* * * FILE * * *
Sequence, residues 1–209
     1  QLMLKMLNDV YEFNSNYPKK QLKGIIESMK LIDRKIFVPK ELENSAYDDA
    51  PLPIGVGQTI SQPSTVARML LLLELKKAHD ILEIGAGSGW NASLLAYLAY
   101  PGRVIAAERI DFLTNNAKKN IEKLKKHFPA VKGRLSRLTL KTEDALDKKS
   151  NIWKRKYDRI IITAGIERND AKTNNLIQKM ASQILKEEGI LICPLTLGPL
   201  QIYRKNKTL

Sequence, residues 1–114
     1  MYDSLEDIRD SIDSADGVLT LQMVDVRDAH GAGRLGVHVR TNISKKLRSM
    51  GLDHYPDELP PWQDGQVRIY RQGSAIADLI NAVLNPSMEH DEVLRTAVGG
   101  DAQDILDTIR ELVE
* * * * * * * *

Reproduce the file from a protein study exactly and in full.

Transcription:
Sequence, residues 1–209
     1  QLMLKMLNDV YEFNSNYPKK QLKGIIESMK LIDRKIFVPK ELENSAYDDA
    51  PLPIGVGQTI SQPSTVARML LLLELKKAHD ILEIGAGSGW NASLLAYLAY
   101  PGRVIAAERI DFLTNNAKKN IEKLKKHFPA VKGRLSRLTL KTEDALDKKS
   151  NIWKRKYDRI IITAGIERND AKTNNLIQKM ASQILKEEGI LICPLTLGPL
   201  QIYRKNKTL

Sequence, residues 1–114
     1  MYDSLEDIRD SIDSADGVLT LQMVDVRDAH GAGRLGVHVR TNISKKLRSM
    51  GLDHYPDELP PWQDGQVRIY RQGSAIADLI NAVLNPSMEH DEVLRTAVGG
   101  DAQDILDTIR ELVE